• Save yourselves from our fate and make sure you closely read all the cards. We really goofed up a puzzle because we didn’t read one of the cards closely enough. Could it have been clearer? Probably. Is that on us? Probably, as much as I hate to admit it. But reading all the Riddle and Answer cards is pretty key to success, so make sure that you actually … do that.
  • More generally, it helps to look at everything that you’ve given as part of the game. The Brands are tricksy. The EXIT games can occasionally give you a lot to consider all at once, so take a look at everything so that you get a good sense of what you’re being asked to do or solve or look for. There’s usually something, but it might not be where or what you expected.
  • Also, don’t make assumptions! As I mentioned, sometimes things aren’t necessarily what you expected, or information or riddles aren’t actually in the format that you think they’re going to be. Be sure to occasionally check your assumptions to make sure you’re even going about the puzzle in the right way. The Hint Cards can help a lot with that.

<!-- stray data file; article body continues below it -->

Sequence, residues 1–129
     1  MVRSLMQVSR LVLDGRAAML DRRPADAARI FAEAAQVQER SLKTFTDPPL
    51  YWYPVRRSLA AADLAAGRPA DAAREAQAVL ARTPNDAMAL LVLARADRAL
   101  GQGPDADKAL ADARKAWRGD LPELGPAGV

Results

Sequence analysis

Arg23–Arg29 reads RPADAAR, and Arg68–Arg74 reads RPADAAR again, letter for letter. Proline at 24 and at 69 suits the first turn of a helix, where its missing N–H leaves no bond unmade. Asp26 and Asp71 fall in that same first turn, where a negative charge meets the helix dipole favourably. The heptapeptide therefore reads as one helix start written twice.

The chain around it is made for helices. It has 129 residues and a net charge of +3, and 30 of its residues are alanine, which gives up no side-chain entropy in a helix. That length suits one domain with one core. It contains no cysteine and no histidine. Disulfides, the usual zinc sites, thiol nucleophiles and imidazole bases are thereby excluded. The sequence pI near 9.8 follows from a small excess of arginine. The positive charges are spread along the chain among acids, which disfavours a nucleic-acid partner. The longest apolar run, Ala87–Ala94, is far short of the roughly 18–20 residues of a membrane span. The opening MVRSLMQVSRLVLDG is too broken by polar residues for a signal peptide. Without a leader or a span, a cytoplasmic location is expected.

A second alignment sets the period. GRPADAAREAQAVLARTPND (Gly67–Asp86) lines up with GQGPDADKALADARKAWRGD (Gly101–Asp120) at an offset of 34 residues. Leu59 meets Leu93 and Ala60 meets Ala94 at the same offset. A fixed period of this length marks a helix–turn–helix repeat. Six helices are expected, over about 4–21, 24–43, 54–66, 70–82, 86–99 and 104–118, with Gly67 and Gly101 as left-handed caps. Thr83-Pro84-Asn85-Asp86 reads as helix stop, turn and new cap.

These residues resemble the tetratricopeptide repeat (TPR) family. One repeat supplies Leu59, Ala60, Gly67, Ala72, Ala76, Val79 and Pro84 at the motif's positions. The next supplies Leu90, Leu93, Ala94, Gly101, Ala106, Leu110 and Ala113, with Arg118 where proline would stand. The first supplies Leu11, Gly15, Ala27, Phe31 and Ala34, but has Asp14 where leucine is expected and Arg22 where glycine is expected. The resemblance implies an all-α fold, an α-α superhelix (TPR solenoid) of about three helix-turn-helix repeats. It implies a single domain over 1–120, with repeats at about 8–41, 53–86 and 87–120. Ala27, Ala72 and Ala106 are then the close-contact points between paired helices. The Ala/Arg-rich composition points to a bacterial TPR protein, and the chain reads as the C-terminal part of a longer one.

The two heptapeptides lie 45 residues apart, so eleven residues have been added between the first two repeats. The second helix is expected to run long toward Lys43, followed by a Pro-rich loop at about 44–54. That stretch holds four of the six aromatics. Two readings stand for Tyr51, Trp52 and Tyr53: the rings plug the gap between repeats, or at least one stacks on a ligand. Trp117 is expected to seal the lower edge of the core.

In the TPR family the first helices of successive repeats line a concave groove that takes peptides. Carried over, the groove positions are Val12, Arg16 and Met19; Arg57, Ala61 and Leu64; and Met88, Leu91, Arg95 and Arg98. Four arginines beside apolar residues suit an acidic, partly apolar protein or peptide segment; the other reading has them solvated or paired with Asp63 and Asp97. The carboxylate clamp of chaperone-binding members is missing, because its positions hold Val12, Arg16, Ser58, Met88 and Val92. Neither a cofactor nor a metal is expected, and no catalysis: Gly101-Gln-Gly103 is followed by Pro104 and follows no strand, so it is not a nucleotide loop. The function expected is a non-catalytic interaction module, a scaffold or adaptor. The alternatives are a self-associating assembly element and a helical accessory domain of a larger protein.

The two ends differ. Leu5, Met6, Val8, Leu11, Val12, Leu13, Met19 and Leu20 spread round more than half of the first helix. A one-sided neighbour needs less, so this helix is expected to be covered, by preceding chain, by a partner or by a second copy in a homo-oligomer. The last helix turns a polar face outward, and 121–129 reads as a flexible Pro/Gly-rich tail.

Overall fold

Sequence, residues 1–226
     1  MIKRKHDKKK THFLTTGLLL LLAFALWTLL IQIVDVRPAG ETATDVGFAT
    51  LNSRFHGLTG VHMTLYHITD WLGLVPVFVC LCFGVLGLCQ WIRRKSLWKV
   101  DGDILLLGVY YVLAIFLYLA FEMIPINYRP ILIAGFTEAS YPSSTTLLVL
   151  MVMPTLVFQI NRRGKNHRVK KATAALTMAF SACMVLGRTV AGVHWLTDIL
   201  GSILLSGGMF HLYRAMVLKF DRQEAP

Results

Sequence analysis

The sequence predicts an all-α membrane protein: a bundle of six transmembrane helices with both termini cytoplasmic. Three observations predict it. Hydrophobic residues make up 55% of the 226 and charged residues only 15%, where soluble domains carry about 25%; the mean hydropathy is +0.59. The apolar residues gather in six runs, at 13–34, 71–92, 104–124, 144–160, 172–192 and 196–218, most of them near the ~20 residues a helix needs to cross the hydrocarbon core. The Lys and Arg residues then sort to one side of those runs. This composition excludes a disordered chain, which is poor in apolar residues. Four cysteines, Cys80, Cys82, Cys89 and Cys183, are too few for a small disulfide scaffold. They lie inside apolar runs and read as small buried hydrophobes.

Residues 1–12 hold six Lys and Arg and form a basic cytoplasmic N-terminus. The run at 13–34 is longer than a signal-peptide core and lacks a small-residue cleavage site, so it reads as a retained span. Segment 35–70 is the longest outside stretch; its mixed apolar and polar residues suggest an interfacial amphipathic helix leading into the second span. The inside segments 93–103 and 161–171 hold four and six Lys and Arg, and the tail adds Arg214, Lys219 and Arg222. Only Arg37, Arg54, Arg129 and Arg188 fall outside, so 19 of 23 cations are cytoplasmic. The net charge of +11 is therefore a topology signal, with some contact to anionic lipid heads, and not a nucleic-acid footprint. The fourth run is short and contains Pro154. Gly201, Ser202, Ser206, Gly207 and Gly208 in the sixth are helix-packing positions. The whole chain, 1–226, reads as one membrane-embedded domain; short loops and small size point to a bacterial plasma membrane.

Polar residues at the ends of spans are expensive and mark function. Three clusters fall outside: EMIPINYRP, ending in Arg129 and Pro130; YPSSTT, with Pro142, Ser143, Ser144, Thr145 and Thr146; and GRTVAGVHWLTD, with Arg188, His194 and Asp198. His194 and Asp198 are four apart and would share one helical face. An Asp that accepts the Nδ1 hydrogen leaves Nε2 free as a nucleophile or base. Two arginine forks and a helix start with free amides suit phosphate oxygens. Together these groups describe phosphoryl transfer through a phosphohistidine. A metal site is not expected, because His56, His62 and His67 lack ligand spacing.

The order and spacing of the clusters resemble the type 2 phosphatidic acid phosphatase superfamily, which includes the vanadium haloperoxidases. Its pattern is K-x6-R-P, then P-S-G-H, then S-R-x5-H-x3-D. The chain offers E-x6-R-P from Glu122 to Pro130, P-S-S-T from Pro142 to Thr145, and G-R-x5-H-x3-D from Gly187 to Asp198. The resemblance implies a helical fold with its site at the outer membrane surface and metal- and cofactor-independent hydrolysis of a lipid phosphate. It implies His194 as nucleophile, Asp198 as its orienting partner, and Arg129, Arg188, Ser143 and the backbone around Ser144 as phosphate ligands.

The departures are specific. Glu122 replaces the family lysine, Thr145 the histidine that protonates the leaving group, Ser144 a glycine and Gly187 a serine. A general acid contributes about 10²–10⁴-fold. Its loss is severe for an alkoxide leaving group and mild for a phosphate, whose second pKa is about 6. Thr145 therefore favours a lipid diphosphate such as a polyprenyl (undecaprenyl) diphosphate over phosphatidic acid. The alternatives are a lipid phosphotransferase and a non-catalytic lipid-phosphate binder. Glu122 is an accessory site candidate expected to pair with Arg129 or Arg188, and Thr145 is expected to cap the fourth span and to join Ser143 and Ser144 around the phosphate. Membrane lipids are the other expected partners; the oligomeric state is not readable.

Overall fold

• If you’re not sure, ask Gandalf for help! He is Grey or White, depending on the puzzle. He’s usually pretty helpful, albeit sometimes cryptic, as Hint Cards tend to be. If you find yourself burning time on a particular puzzle, it may be time to go for a Hint.

Pros, Mehs, and Cons


  • Honestly, if you had asked me who should have done the art for a Lord of the Rings-themed EXIT game, I was going to say “The Mico”, and here we are. It’s a very good fit for Mihajlo Dimitrievski’s skill set, and it looks perfectly in place as you progress through it. I really like it! It also does the nice and challenging job of being reminiscent of the Lord of the Rings series without relying on specific visuals from the movies. I appreciate that, and having a particularly specific talent like The Mico on this task makes sure that the game looks great and has its own specific aesthetic. It helps that his art is so recognizable.
  • I do think it’s funny that the plot of the game essentially casts you as unnamed Hobbits making sure all the key points of the series actually happen. My housemate refers to them as Frodo’s stagehands, which is both a bit mean and entirely accurate. You’re not involved in the actual Lord of the Rings plot, you’re just part of the plot to make sure that the Lord of the Rings plot happens. It’s an entertaining metanarrative.